We often write about women’s 19th-century clothing – all those corsets, various designs of dresses and walking suits, bustles and crinolines, hand fans and bonnets, etc. But let’s not forget about the male costumes popular in this period. They were stylish and charming as well. And, of course, there were formal suits and casual wear. In this post, we’d like to tell you a little bit about sack suits, also called business suits, walking suits, or lounge suits.
A sack suit (business suit, walking suit, or lounge suit) is the informal wear for men in the 19th century. It is a 3-piece suit that consisted of trousers, a waistcoat, and a coat. The coat typically had 4 simple buttons, without any decoration (like silver-plating, fabric-covered buttons, and similar stuff). It’s interesting that the fashionable way of wearing this coat was to button down only the upper button, leaving the rest undone.
This suit was used for plenty of different occasions – from a picnic to a Sunday church visit. Men of different statuses and classes wore sack suits for different purposes. For some gentlemen, it was a simple suit they wouldn’t regret ruining during such activities as picnics, long walks in bad weather, or getting drunk with pals. Other males used sack suits as their Sunday best and didn’t own anything fancier or more formal. But all of them loved their sack suit and wore it frequently.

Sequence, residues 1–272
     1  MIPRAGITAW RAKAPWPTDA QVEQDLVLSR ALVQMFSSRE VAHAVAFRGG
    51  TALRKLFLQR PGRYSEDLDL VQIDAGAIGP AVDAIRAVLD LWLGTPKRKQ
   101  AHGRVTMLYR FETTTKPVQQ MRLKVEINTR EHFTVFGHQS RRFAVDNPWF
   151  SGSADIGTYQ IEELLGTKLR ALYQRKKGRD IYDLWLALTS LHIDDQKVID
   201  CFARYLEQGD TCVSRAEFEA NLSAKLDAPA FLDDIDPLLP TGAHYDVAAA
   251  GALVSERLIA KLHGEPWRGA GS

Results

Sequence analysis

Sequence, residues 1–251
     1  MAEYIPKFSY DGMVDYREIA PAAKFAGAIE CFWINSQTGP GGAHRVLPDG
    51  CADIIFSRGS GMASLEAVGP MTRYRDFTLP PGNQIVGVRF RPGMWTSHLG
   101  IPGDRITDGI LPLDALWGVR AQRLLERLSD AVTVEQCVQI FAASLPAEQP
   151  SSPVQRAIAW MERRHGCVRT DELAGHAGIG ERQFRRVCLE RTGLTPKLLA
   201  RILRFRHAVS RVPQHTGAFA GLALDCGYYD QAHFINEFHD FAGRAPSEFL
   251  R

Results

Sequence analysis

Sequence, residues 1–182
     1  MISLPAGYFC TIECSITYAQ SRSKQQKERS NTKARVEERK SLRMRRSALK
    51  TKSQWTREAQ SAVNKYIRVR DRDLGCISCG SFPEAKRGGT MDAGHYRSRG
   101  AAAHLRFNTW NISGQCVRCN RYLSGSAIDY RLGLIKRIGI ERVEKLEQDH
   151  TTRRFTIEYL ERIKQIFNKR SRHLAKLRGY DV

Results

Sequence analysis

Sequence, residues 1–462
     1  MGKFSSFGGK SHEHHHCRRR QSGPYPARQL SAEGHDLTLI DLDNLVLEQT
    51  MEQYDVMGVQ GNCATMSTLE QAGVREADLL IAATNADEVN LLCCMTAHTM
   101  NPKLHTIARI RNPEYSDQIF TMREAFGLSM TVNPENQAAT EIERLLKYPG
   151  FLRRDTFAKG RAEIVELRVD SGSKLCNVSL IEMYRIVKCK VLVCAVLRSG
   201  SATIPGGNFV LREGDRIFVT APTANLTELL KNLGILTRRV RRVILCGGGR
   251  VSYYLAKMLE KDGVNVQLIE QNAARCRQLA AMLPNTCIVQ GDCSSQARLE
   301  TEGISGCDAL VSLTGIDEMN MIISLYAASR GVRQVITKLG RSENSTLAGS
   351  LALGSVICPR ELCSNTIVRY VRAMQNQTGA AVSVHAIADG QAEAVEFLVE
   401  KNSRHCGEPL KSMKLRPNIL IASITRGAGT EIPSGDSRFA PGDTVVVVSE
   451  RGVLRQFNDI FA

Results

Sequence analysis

Woolen sack suit from 1893. From the McCord Museum
The first sack suits appeared and quickly became fashionable in the 1850s. At first, this attire was rather baggy and loose-fitting. In the 1860s, the suit became more fitted to the body.
Why this outfit was so popular among 19th-century men? Simply because it was affordable. A sack suit was made from simpler fabrics (linen, cheaper wool, etc), not as fancy as a tailcoat, for example. And you could buy it in a store, while formal suits were often custom-made by a tailor in the 1800s. So, this outfit was available even for working men.
Gentlemen in sack suits. Cabinet card photos, Brooklyn, New York, the 1890s
Summer sack suits were lightweight and comfy, often sewn from linen. Gentlemen usually paired them with straw hats or casual felt hats, but a number of headpieces were considered a fit, even a top hat. Such colors as light-gray, light-brown, beige, and similar shades were typical for summer suits.
Winter sack suits were made from thicker and sturdier wool. Felt hats, bowl hats, top hats, and other headdresses complemented the winter attire. The color of the fabric was often, but not necessarily, darker – black, brown, dark-gray, etc.
Although not always, the suit consisted of matching items. It’s a 3-piece suit and all three garments could be made from the same fabric in the same color, but just as often, you would see mismatched garments worn together. It was totally normal and common. A sack suit was leisure wear after all.
At the same time, gentlemen who wanted to make a statement or show their wealth wore expensive tailored sack suits made specifically for them by famous tailors. They were skillfully made from very fine fabric and fit perfectly. So, these men looked refined and polished even in their casual wear.